Teachable Moment – Claims of Student Chaperon Injured While Whitewater Rafting Barred by Release (PA)

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McDonald v. Whitewater Challengers, Inc. (Pennsylvania)

The plaintiff (a New York resident) was a school teacher who chaperoned seventh and eighth grade school children on a whitewater rafting field trip with other faculty members.  While she was rafting, her raft struck a large rock, causing her personal injury.  Plaintiff filed a negligence lawsuit against against the whitewater facility, alleging that the facility failed to provide a river guide/instructor in her boat, failed to provide a properly inflated raft, failed to advise her on the grade/class of whitewater rapids she would encounter, failed to instruct her on how to safely and effectively maneuver the rapids, and allowed an unsafe number of inexperiences rafters in the boat.

The defendant filed a motion for summary judgment based on the waiver and release agreement signed by plaintiff prior to her participating in the rafting.  The trial court denied the motion.  Following further discovery, plaintiff then filed a motion for partial summary judgment arguing that New York law (and not Pennsylvania law) should be applied to the facts, and defendant filed a second motion for summary judgment.  Applying Pennsylvania law, the trial court denied both motions.  While the court acknowledged that the Pennsylvania Supreme Court had previously “affirmed the validity of such exculpatory releases in inherently dangerous recreational activities,” the court held that there were “material issues of fact existed regarding whether she was economically compelled to sign the release” by her employer/school.  The parties filed petitions for permission to file an interlocutory appeals, which were granted.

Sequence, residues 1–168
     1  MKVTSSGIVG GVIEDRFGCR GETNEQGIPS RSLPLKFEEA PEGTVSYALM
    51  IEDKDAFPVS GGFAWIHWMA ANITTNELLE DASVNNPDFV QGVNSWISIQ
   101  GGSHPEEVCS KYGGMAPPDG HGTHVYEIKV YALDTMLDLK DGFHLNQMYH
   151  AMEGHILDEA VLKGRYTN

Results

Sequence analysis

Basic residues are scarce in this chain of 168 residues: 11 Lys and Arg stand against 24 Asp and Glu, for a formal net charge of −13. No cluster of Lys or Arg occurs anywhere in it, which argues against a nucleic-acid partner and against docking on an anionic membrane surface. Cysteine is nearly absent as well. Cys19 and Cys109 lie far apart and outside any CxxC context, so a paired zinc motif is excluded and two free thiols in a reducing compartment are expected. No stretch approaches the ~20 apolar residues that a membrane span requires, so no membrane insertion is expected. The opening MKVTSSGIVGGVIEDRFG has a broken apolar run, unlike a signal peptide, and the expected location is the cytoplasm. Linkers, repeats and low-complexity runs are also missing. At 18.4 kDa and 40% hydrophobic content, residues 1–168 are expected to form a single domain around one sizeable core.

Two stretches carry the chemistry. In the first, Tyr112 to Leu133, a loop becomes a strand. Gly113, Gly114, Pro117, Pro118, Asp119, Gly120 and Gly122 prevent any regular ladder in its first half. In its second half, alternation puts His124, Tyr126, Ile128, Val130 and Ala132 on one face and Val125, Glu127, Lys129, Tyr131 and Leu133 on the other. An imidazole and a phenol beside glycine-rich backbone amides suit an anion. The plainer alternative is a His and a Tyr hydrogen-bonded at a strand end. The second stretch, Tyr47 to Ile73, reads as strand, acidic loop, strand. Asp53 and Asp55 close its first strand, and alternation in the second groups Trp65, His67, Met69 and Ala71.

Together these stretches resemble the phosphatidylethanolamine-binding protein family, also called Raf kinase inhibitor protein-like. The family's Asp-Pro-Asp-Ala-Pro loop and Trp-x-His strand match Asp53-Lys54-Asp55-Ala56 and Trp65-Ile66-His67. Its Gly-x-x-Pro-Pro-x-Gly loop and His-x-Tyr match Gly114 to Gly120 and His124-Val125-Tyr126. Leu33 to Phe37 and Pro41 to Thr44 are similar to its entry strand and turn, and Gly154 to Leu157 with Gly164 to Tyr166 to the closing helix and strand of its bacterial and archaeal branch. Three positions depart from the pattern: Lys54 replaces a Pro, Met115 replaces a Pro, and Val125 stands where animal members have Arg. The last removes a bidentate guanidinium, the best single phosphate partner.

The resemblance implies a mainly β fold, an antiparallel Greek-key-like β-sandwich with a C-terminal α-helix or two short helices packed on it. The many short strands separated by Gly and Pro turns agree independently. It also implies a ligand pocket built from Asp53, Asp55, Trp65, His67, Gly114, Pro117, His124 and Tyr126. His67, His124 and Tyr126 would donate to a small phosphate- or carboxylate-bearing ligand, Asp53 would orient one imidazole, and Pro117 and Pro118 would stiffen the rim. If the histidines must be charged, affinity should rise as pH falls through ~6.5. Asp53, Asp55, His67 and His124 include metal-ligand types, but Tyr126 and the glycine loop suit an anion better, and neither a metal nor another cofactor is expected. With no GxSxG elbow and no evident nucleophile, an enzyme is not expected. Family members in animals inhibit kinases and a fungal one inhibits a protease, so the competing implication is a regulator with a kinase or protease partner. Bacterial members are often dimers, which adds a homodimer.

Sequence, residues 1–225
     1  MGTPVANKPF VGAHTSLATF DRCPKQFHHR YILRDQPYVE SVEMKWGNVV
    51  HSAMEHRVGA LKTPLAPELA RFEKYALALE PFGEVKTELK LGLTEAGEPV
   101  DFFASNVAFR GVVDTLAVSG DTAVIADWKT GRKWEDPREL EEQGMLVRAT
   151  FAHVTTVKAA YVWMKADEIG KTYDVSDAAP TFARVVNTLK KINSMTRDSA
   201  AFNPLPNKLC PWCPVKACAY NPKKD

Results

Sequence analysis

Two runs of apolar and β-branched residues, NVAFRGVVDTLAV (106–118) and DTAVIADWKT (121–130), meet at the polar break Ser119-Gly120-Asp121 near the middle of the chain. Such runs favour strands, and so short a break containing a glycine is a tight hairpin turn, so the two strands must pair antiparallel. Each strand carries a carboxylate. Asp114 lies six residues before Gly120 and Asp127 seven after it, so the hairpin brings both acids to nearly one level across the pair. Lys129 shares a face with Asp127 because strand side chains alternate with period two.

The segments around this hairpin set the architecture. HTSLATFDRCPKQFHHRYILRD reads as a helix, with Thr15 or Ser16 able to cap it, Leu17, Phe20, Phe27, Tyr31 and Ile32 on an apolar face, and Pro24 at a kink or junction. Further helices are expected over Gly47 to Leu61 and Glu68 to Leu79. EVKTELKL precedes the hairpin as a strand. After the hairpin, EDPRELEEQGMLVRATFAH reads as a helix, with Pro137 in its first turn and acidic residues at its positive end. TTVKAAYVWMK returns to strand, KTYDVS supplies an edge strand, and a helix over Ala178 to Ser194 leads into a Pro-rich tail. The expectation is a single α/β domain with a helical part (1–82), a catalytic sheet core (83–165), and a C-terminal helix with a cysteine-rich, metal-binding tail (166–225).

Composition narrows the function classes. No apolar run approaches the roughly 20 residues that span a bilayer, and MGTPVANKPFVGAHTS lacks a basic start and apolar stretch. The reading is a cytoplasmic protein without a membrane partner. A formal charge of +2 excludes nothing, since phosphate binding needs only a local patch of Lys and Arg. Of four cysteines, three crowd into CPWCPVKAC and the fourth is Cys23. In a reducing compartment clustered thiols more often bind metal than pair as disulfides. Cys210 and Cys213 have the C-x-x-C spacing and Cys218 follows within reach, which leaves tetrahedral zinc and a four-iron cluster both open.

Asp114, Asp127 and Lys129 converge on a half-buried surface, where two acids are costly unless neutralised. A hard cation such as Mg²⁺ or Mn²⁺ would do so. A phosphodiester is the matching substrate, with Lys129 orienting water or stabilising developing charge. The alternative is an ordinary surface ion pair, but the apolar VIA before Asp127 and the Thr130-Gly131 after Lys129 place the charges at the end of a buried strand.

The Superior Court of Pennsylvania first addressed plaintiff’s appeal.  If New York law was applied, the defendant’s waiver and release could have been rendered void and unenforceable under New York’s statutory and decisional law (notably New York General Obligations Law Section 5-326).  Plaintiff noted that she was a New York resident and had signed the waiver and release in New York.  She also claimed that if the defendant wanted the benefit of Pennsylvania law, it should have included a choice of law clause in the agreement.  Plaintiff further noted that she received most of he treatment in New York, and that the New York State Insurance Fund had an interest in recouping her los wages and medical expenses.  However, the Court diasgreed holding that it seemed only fair to permit the defendant to rely on Pennsylvania law when it acted in Pennsylvania.  As the Court explained, the defendant “should not be placed in jeopardy of liability exceeding that created by Pennsylvania law just because McDonald is a visitor from New York, a state offering higher protection.”  Ultimately, the Court concluded that Pennsylvania had the “greater interest in the application of its law to this case.”

As to the defendant’s motion, the Court reversed the prior decision, remanding the case with instructions to grant judgment in favor of the defendant.  The defendant argued that plaintiff was not compelled to sign the waiver and release and that she would not have suffered any repercussions by not participating in the rafting.  Plaintiff contended that her refusal to participate in the rafting could have affected her ability to get a raise from her employer, but the Court noted that such a contention was “conjectural.”  In the end, the Court ruled that the plaintiff was not subject to economic compulsion and the waiver and release agreement was enforceable to bar her negligence claims.

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